Over 40 Yorkshire farmers take part in cover crop project

The collaborative farm-based project launched in East Yorkshire could significantly slash CO2 levels
The collaborative farm-based project launched in East Yorkshire could significantly slash CO2 levels

Over 40 Yorkshire farmers are taking part in an environmental project that could help return atmospheric CO2 to pre-industrial levels.

As well as having the potential to counter the effects of climate change, the Sustainable Landscapes Humber project could also reduce flooding and improve soil health.

At its core are farmers from East Yorkshire and North Lincolnshire, based in the Yorkshire Water catchment area, who grow peas for Nomad Foods-owned Birds Eye.

The farmers are growing cover crops in the window between harvesting peas and sowing their next food crop.



The cover crops are made up of a diverse range of plant species chosen for their ability to capture huge amounts of CO2 from the atmosphere

Trials funded by Yorkshire Water show that cover crops can increase soil organic matter by up to 40 tonnes per ha, which can sequester nett over four tonnes of atmospheric carbon per year.



As soil organic matter has fallen by 50% over the past 60 years, using cover crops to restore these levels has the potential to re-establish soil health and help reverse the rise in atmospheric CO2 levels.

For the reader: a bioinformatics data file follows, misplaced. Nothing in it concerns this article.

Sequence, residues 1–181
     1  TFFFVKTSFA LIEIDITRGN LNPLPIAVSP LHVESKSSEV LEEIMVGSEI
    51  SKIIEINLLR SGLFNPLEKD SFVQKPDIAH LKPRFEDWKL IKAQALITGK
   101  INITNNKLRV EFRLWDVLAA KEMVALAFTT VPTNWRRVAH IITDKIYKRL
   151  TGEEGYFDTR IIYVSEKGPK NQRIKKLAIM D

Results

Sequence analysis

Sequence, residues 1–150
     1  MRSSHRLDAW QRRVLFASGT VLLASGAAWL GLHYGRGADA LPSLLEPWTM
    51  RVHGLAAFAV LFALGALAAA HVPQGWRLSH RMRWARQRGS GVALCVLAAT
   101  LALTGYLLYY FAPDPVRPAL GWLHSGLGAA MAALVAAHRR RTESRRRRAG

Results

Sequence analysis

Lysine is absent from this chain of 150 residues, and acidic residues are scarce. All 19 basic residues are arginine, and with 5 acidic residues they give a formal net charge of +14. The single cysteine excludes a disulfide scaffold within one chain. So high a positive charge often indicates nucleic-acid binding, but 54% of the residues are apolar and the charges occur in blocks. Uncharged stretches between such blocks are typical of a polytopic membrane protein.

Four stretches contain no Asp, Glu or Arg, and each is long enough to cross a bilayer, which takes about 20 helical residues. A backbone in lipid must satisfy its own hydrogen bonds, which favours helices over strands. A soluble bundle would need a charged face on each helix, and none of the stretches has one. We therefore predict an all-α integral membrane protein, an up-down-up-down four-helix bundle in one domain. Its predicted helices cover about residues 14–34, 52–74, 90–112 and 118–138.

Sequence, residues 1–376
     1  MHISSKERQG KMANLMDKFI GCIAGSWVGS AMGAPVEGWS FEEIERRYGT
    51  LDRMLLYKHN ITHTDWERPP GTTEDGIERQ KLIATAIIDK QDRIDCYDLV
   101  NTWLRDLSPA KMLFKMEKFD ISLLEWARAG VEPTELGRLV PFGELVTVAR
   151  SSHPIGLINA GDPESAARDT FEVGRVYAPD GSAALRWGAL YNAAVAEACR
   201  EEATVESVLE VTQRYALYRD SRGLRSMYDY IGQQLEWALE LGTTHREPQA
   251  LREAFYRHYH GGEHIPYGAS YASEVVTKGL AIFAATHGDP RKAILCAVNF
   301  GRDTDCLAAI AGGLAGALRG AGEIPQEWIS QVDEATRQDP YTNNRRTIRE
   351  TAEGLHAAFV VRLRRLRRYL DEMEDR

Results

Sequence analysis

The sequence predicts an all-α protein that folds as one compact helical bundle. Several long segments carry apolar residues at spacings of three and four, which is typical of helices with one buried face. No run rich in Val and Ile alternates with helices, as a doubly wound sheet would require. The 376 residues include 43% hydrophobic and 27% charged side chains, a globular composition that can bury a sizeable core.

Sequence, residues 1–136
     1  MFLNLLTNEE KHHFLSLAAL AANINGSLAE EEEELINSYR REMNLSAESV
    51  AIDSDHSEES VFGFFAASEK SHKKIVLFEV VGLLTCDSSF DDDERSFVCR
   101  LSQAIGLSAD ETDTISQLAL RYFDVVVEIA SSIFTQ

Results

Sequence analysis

The pre-project trials have already achieved a significant rise in soil organic matter, more than doubling levels in just five years, from 3% to over 6%.

The project is a collaboration between Yorkshire Water, Birds Eye, and supply chain consultancy Future Food Solutions, with other brands joining in as different commodities are grown in rotation.

Andrew Walker, asset strategy manager for Yorkshire Water, said growing cover crops to increase soil organic matter was 'one of the most effective ways' of combatting major environmental issues.

He said: “In just seven weeks, they generate enough carbon-sequestering organic material to make a significant dent in atmospheric CO2.

“If grown on a global scale, arable farming could become the first sector of the economy to be net carbon zero.”

Mr Walker added that the project could also play a major role in the reduction of flooding in Hull – a notorious problem for the city as much of it lies below the high-tide line.



“Research shows that achieving just a 1% increase in soil organic matter would enable agricultural land to store an extra 200,000 litres of water per hectare.

“Therefore, this project has huge implications for flood attenuation in and around Hull,” he added.

Paul Rhodes, director of Future Food Solutions, added that growing cover crops also has significant implications for soil health and the wider environment.

He said: “The plants’ root structure holds the topsoil in place reducing erosion, and the increase in organic matter means less farm inputs are required, enabling farmers to grow food more efficiently and profitably.

“Of the inputs that are required, less are leached away into the waterways, making for healthier rivers and watercourses and this has a positive knock on effect on local flora and fauna.”